Okay, admittedly, there's some veracity to that argument. But it's where that train of thought goes from here that is unsettling to me. I've personally come across the following claims from upset Hokie fans at least once, often multiple times:
- Frank Beamer "doesn't care anymore"
- Beamer's primary concern is keeping his friends in high-paying coaching positions
- Frank's just doing it for a paycheck now
- Frank's so conservative on offense this is the best any OC could do
- Frank should retire
Just to be clear, it's my official position, and the position of FBS as a whole, that each one of these claims is completely bunk.
Going one by one, the idea that Frank Beamer "doesn't care anymore," (and that is a direct quote I found on a VT message board) is simply preposterous. Frank Beamer is Virginia Tech football, and he wants VT to be a national football powerhouse. If you question Frank's commitment to VT, you're a sorry excuse of a Hokie.
As for keeping his friends in high-paying coaching positions, it's public knowledge that each time Frank Beamer has renegotiated his contract it's always involved raises for all of his positions coaches and coordinators. That's one of the things I respect about Beamer the most: he looks out for his staff. As for the notion that he cares more about that than winning, again, if you really believe that, you're a sorry excuse of a Hokie. Beamer protects his staff because he really thinks he has the right people in the right positions.
As for Frank just doing it for a paycheck, if you believe that, don't read this blog anymore. I wash my hands of you.
Now, as for Frank being conservative on offense...no debate. Frank will never let a Texas Tech-like, high flying offense be installed at VT under his watch, and he has a valid reason. Frank knows, as any football Illuminati should know, that almost without exception a high octane offense tends to dominate any team that runs it. In other words, there's a reason why Texas Tech hasn't won a national championship under Mike Leach: they're one-dimensional and their defense sucks. Gunning offenses usually take the full attention of both the head coach and the offensive coordinator to install and maintain, leaving the defensive coordinator to fend for himself, usually without the resources (read: "payroll for positions coaches") of the offense. But conservative offense does not equal bad offense. Florida has dominated college football with a very run-heavy offense. (Tim Tebow has never had a 300 yard passing game.) Georgia Tech has positioned themselves as the new team to beat in the ACC despite essentially never passing it. Ohio State owns the Big Ten despite having an offense even more vanilla than VT's. And lest we forget, Frank Beamer and his conservative ways had offensive success prior to the hire of Bryan Stinespring, and even put up good numbers during Stinespring's first four years (while Kevin Rogers was on staff).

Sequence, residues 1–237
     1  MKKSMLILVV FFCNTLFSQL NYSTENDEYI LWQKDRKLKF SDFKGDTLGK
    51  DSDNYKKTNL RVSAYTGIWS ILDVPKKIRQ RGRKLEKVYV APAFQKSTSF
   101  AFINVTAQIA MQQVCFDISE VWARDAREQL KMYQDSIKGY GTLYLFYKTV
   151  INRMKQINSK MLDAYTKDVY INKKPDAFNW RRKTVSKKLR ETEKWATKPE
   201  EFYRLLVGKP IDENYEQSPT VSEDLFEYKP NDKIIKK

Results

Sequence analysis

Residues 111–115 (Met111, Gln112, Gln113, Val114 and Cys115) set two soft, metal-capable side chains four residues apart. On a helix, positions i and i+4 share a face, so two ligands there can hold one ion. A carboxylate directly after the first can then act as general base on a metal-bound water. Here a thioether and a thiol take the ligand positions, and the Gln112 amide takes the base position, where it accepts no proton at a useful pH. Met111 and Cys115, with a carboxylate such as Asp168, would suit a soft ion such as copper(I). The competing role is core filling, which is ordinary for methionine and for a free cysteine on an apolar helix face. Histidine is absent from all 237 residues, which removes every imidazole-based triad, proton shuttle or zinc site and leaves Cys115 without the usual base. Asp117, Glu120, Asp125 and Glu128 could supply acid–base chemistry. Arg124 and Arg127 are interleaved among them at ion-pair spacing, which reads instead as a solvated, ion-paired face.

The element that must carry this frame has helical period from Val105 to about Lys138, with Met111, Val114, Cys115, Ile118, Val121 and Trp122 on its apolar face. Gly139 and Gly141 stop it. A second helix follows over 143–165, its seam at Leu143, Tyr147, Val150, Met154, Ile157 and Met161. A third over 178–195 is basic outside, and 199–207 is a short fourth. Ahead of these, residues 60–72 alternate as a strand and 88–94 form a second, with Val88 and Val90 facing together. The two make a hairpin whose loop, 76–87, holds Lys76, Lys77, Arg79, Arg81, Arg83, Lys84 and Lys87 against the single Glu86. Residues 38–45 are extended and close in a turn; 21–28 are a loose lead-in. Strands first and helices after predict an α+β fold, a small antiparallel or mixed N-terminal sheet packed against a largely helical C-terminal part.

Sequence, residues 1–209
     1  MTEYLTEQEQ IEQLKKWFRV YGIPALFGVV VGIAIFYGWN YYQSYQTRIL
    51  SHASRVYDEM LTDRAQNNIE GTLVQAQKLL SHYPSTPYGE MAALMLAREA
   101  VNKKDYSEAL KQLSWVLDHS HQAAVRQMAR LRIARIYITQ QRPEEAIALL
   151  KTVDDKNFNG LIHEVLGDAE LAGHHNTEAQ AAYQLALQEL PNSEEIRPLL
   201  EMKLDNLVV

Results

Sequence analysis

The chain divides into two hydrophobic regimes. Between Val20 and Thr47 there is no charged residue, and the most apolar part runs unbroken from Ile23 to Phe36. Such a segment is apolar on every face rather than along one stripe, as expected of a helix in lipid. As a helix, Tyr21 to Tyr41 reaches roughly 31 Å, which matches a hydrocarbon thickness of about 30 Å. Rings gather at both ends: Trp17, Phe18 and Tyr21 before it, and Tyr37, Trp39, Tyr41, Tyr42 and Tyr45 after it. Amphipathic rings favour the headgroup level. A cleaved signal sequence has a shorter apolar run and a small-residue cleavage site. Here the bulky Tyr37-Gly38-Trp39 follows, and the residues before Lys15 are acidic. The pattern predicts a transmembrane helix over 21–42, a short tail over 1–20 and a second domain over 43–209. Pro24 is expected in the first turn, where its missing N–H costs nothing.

As for claims that Frank Beamer should retire, that's pretty much up to Frank Beamer. Frank could call it quits after this season and know his legacy is secure. He could also coach another ten years. Frank just turned 63 years old, which puts him in a very unusual and very flexible position regarding his career. He would definitely be justified in deciding it was time to work on his golf game, and he'd know he'd be leaving the program in good hands with Bud Foster. But 63 isn't nearly geriatric in the circle of uber-successful college coaches. Bobby Bowden is 80. JoePa is 82. Bill Snyder just came out of retirement to resume the head coaching spot at Kansas State at age 70. So it's no exaggeration that Frank Beamer could be doing this 15 years from now, and if he is then more power to him. He's already synonymous with Virginia Tech football, so as long as he's enjoying his job and remains successful at it, who's going to tell him it's time to hang it up?
I get the frustration. Believe me, I get it. And more than once I've found myself headed down the "isn't Frank really the one responsible" train of though a few times. And while yes, technically it is ultimately Frank's decision to keep Stinespring on staff, one needs to keep a sense of perspective before nailing Frank to the cross over it. Remember that Frank's career at VT was founded on a healthy does of patience. It took Frank six years to post better than six wins in any season as head coach, and Frank had more than a few people calling for his own head before finally getting it turned around. Frank Beamer is old school; he genuinely believes that the way to find success in football is establishing solid fundamentals and waiting for everything else to click. It's also nothing for him to wait out a few (or more than a few) rough seasons if he thinks the fundamentals are sound. And that, really, is the crux of the problem: Frank Beamer believes Bryan Stinespring's fundamentals are sound. Don't ask me why. I don't know. But for whatever reason Beamer believes the dropoff Stinespring has suffered after the 2005 season is not the direct effect of Kevin Rogers leaving the program. He thinks Stinespring can do this job, and he honestly believes that, given enough time, Stinespring will bounce back. And post numbers as good as or better than his offenses posted from '02 to '05.